I buy bottled water when I am away from home. No, I don’t want to drink from the restroom tap and when is the last time you saw a drinking fountain anywhere? Of course, I suppose I could go into restaurants and ask for a glass of water though I have no intention of buying any food. Certainly there bottom lines could handle diverse people walking in off the street and dirtying glasses for no return.

    I suppose I could bring a bottle of water from home, but I like the idea of cold water out of a cooler.

    Then there is the concern over plastics off gassing into the water. Not a problem with soda or baked beans out of a can, right? Just the added salt in the beans combined with the plastic lining makes my water a healthy delight.

    I don’t like the idea of all the plastic going into our environment any more than anyone else does. I just get sick of water being the bad guy because we can get it out of the kitchen faucet (which is where I get it when I’m at home.)

    Let’s look at the totality here. If you don’t like plastic bottles, go after all of them. If we all drank bottled water instead of soda and other flavored drinks, perhaps we wouldn’t be eating 156 lbs of sugar a year (U.S. per capita).

  • Lois says:

    April 28, 2011 at 1:43 pm

    You make some good points.  A bottle bill would cover all beverage containers, including those for soda. 

    The reason we focus on bottled water so much is that the ratio between energy required to get it to you and energy content in the water (zero) is uncalculable.  With sodas at least there’s a little energy content to make the ratio more reasonable.  Of course, I say this as someone who appreciates that calories—in the right quantity—are necessary for life.  Of course, there are far more efficient and healthy ways to deliver calories than through sodas.  I myself eschew all flavored drinks.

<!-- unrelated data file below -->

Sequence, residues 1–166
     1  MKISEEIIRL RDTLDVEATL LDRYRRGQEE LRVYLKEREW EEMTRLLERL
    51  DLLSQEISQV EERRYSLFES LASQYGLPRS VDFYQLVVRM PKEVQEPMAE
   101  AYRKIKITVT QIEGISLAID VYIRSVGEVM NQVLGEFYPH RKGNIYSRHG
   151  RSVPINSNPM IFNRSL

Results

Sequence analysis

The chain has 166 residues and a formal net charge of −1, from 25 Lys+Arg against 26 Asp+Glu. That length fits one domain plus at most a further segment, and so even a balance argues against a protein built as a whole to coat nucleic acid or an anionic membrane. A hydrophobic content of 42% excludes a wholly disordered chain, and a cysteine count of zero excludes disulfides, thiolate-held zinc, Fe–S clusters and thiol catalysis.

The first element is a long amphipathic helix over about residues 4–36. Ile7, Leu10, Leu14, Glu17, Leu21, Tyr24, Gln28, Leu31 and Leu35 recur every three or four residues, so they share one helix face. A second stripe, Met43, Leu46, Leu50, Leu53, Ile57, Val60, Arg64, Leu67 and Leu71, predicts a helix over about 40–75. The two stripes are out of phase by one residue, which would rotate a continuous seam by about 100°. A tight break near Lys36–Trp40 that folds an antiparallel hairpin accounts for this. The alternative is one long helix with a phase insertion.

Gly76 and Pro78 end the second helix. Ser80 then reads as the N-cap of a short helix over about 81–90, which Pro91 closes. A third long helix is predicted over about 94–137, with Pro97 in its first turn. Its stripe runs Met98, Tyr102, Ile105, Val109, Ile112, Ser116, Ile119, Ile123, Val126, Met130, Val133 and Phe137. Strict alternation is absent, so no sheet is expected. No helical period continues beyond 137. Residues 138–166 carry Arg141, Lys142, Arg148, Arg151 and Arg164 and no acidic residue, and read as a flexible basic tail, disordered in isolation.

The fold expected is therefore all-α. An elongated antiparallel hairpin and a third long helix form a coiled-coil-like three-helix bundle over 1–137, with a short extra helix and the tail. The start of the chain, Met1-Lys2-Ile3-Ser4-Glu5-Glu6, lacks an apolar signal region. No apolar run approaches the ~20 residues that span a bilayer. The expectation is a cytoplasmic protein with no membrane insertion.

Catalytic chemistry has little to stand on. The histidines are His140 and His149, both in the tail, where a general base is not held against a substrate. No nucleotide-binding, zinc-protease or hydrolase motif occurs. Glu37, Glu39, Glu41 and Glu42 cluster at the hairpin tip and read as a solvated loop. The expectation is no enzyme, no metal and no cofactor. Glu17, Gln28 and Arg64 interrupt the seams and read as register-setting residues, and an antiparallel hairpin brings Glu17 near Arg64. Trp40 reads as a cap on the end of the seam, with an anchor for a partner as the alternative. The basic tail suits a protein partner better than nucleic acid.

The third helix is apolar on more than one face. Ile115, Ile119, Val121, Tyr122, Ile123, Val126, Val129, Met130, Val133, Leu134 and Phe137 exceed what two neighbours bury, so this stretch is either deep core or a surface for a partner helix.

You say you don’t want to carry your own water because you like to drink cold water.  No problem.  How about a thermos jug?  When I was a kid in a tropical country all of my school mates brought thermos jugs of cold beverages to school.  Those who couldn’t afford the expensive insulated ones would put a jug in the freezer overnight and drink the water as it melted.

  • Radheshyam says:

    April 13, 2012 at 5:27 pm

    Actually for the bridge thing I would say it was more retelad to the good luck and the fact that all the bridge came down all together so the people who were in the center of the bridge they landed! on the bridge again. It is true that police was there a minute after the accident but you should note that there are always many police cars at that area and the closest Hospital (U of M Hospital) is a minute from the place.I really do not like to consider this accident as a credit to the system, just because this happened and they could not see that in advance! The funny thing is I saw a couple of people the day of accident inspecting something behind that bridge and the other bridge which is very close to that and you can see it in the photos! I wish they were not testing the bridge!!